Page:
> 3.2.5 Use one space around (on each side of) most binary and ternary operators,
> such as any of these:


> 3.2.6 Don't leave whilespace at the end of lines.


> 	Chapter 4: Naming
> 4.1 Names for global variables and global functions
> GLOBAL variables (to be used only if you _really_ need them) need to
> have descriptive names, as do global functions.  If you have a function
> that counts the number of active users, you should call that
> "count_active_users()" or similar, you should _not_ call it "cntusr()".

Also: We use names prefixed by crk_ for global functions in cracker.c, 
ldr_ for ones from loader.c and so on. Not sure how we would express 
that though.

> 4.2 Names for local variables
> LOCAL variable names should be short, and to the point.  If you have
> some random integer loop counter, it should probably be called "i".
> Calling it "loop_counter" is non-productive, if there is no chance of it
> being mis-understood.  Similarly, "tmp" can be just about any type of
> variable that is used to hold a temporary value.

I think we should drop the above even though I agree with it. We should 
be liberal.

We could mandate against using camelCase but I'm not sure we should do 
that (for Jumbo) either.

> 	Chapter 5: Typedefs
> NOTE: This chapter is totally from Kernel CodingStyle. I think many codes
> of john do't follow this rule. So should we follow this rule ?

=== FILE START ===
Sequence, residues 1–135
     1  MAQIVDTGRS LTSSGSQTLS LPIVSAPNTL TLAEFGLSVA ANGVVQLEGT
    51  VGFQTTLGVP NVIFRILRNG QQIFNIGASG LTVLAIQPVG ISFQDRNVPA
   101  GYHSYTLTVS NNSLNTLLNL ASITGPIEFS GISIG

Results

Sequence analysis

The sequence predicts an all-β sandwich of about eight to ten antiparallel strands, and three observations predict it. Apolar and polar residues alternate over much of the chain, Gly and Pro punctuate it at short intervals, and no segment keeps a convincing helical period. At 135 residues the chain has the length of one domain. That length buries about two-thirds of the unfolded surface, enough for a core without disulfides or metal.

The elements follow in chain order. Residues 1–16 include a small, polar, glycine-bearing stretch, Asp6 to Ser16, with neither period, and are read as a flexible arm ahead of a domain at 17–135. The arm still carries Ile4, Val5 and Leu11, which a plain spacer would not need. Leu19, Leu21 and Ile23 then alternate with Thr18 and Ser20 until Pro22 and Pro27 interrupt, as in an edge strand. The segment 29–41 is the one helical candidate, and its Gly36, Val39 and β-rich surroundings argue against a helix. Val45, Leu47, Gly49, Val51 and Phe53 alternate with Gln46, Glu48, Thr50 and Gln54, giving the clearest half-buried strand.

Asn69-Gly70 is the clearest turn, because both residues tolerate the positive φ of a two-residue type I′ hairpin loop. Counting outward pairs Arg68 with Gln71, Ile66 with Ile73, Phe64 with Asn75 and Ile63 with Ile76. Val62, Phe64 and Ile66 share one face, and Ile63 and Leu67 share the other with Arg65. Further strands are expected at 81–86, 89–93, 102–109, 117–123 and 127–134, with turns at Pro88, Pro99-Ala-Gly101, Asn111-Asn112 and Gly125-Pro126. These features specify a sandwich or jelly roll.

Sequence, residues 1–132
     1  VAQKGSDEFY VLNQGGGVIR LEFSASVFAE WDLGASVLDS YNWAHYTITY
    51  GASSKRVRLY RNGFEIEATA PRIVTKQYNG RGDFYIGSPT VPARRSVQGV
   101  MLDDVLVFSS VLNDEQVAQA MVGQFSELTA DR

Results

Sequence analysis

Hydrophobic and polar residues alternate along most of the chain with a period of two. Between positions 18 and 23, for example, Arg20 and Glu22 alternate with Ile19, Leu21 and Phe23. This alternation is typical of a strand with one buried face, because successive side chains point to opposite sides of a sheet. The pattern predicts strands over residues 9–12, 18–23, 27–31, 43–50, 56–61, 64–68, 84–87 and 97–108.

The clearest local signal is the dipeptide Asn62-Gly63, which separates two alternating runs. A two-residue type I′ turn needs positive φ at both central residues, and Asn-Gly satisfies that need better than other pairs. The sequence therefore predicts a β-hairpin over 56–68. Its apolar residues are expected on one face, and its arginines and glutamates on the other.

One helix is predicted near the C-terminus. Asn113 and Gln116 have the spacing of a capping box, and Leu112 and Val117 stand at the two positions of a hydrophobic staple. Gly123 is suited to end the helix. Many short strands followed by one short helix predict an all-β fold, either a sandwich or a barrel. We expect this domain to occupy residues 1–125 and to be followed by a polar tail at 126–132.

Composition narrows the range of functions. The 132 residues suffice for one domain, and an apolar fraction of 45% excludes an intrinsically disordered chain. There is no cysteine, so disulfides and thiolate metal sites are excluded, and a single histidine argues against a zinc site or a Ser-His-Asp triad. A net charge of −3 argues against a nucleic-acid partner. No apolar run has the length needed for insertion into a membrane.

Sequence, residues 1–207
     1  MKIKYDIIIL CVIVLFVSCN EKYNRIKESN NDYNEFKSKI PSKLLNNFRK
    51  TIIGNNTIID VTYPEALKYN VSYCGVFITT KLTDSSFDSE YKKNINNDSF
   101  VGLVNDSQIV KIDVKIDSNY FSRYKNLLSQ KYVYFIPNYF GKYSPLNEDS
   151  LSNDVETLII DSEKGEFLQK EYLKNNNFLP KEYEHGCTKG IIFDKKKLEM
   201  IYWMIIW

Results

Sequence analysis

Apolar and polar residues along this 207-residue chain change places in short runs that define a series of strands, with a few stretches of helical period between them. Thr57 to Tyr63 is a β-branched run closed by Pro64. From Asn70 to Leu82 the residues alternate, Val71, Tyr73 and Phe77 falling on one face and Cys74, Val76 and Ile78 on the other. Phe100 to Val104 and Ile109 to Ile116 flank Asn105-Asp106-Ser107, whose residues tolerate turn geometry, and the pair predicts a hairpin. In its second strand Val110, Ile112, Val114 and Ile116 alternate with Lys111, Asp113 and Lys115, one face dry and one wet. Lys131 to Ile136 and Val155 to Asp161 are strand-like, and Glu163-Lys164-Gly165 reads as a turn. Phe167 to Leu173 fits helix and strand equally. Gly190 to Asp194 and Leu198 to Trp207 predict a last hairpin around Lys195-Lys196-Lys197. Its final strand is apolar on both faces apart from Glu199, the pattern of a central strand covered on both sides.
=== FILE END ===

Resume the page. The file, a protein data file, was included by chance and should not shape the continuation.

> Please don't use things like "vps_t".
> It's a _mistake_ to use typedef for structures and pointers. When you see a

For our code, I disagree.

> 	Chapter 6: Functions

Our code style should not be a programming tutorial. IMHO drop all of 
chapter 6.

> 	Chapter 7: Centralized exiting of functions

Same here.

> 	Chapter 8: Commenting
> 8.1 C89 style and C99 style
> John core and Linux style for comments is the C89 /* ... */

I'm not overly happy about mandating this in Jumbo.

> 8.2 Comment content

Our code style should not be a programming tutorial. IMHO drop this.

> 	Chapter 9: Macros, Enums
> 9.1 Names of macros defining constants and labels in enums are capitalized.
> 	#define CONSTANT 0x12345
> Enums are preferred when defining several related constants.
> CAPITALIZED macro names are appreciated but macros resembling functions
> may be named in lower case.

OK. I'm not sure we need this although I agree with it.

> Generally, inline functions are preferable to macros resembling functions.

Maybe drop this.

> 9.2 Macros with multiple statements should be enclosed in a do - while block:
> 	#define macrofun(a, b, c) 			\
> 		do {					\
> 			if (a == 5)			\
> 				do_this(b, c);		\
> 		} while (0)

This is going towards "tutorial" again and I dislike that.

> 9.3 Things to avoid when using macros:

Same here. These are good advices but I think they have no place in our 
coding style.

> 	Chapter 10: The inline disease
> A reasonable rule of thumb is to not put inline at functions that have more
> than 3 lines of code in them. An exception to this rule are the cases where
> a parameter is known to be a compiletime constant, and as a result of this
> constantness you *know* the compiler will be able to optimize most of your
> function away at compile time.

While this is probably reasonable advice, I think we don't need it in 
our code style.

> 	Chapter 11: Function return values and names

I think this does not apply to JtR at all.